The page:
More financial institutions are bringing text messaging to their advisers.
Securities America, a subsidiary of Ladenburg Thalmann Financial Services, has a new app that lets advisers use their personal mobile devices to send and receive texts from clients.
The app, developed by CellTrust, which also helped Merrill Lynch bring to market a text message service for its advisers, captures and stores the messages in Securities America's archiving platform to be compliant with Finra guidance that requires all messages to be retained, just like all written and email communication.
Securities America's senior vice president of supervision Gregory Smith said the firm's business model – and adviser force of independent contractors rather than employees – create unique compliance challenges.
For example, Securities America advisers use their own mobile devices instead of company-appointed phones. Instead of syncing with a corporate directory and the adviser's office line, as Merrill's texting solution does, Securities America's app creates a separate number for clients to text, letting advisers keep business and personal communications separate on their personal devices.
"That's why a texting solution has been so difficult to come to market," Mr. Smith said.
Though texting has long become the communication channel of choice for many investors, many financial institutions prohibit advisers to use the medium because of compliance concerns. It took Securities America nearly two years of testing and planning, which concluded in October, before initiating a test program.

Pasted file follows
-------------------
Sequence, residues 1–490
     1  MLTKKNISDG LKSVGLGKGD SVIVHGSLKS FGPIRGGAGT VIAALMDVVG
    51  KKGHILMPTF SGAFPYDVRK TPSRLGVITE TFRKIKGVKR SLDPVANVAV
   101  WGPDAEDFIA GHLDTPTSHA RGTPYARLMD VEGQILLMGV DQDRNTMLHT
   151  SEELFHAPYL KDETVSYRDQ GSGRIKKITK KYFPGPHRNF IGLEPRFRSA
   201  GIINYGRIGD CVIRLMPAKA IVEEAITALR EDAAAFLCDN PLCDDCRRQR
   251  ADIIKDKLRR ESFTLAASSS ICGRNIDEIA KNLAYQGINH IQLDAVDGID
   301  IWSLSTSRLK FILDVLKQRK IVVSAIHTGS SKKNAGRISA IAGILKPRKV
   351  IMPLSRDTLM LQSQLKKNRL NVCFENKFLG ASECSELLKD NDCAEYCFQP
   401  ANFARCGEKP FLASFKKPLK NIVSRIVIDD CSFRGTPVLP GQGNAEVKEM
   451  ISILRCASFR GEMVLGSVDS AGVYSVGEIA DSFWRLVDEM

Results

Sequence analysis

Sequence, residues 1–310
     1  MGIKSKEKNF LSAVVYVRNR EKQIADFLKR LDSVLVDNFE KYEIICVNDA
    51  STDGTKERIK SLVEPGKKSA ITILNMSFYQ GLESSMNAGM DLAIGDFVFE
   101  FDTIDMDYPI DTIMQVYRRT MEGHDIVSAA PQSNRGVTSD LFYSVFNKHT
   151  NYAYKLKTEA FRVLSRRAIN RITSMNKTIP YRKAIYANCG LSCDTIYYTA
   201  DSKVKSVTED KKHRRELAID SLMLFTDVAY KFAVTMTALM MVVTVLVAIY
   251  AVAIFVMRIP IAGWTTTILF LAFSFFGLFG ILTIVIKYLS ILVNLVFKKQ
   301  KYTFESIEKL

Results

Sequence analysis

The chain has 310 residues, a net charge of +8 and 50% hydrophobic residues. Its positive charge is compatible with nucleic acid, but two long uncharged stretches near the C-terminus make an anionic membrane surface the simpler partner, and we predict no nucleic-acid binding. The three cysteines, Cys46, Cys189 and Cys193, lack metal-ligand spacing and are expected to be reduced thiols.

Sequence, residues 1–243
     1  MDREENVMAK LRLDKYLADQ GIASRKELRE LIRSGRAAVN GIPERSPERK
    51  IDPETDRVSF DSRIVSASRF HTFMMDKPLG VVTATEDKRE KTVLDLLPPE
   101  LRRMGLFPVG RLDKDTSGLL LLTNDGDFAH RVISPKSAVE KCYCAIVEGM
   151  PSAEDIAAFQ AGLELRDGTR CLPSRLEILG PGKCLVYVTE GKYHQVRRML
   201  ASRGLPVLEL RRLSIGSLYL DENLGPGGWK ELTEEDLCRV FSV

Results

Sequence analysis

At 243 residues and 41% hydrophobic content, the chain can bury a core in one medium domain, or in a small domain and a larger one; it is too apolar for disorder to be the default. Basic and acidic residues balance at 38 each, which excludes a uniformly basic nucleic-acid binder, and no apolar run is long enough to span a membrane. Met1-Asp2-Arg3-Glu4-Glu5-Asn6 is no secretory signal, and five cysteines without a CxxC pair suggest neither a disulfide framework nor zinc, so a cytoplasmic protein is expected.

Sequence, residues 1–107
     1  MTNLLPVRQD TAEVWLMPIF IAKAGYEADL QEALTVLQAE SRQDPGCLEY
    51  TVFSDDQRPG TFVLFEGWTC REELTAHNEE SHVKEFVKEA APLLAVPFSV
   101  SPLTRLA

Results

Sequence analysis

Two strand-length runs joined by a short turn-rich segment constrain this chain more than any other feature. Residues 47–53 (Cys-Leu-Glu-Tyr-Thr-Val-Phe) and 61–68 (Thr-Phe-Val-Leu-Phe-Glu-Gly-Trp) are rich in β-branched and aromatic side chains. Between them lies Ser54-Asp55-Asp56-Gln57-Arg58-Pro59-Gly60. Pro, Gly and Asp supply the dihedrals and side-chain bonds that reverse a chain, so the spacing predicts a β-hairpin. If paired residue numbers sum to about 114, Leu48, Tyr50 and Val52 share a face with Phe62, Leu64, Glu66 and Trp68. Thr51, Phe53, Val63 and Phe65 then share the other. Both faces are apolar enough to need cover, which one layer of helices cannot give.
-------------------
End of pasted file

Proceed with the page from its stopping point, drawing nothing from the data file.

"We knew [advisers] all wanted to text, and we were able to go through a process and come up with a solution," said Mr. Smith, adding that Securities America is the first independent broker-dealer to allow its advisers to text message clients. "It's exciting to our advisers, exciting to their clients, and exciting for us as a broker-dealer to be that leader in technology."
Other major IBDs such as Raymond James and Ameriprise did not respond to request for comment, while LPL was unable to provide an immediate comment.
In addition to archiving texts, Mr. Smith said Securities America's technology also provides the firm with oversight capabilities to review communications. He added that advisers and clients will be prohibited to discuss trades, and that texting will be limited to quick and casual communication that doesn't warrant an email or phone call.
Dan Grote, a partner at Latitude Financial Group who took part in the testing program, said that while clients expect advisers to communicate via technology, they aren't aware of the regulations.
"If you're an adviser trying to work with millennials, Gen Y or X, you'll find a strong preference for text communications. Even baby boomers prefer to send a short, one-line text regarding trivial matters," Mr. Grote said in a statement.